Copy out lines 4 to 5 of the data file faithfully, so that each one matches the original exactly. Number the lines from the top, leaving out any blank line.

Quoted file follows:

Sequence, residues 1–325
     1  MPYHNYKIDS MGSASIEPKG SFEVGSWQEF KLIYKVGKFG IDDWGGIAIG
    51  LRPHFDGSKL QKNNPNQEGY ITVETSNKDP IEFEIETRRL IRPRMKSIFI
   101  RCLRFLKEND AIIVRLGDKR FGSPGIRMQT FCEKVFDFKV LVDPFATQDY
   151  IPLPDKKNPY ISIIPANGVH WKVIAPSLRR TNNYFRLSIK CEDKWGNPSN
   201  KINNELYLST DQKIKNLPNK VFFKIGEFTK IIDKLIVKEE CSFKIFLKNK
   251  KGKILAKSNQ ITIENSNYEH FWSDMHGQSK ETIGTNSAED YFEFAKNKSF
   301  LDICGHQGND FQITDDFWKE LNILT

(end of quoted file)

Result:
   101  RCLRFLKEND AIIVRLGDKR FGSPGIRMQT FCEKVFDFKV LVDPFATQDY
   151  IPLPDKKNPY ISIIPANGVH WKVIAPSLRR TNNYFRLSIK CEDKWGNPSN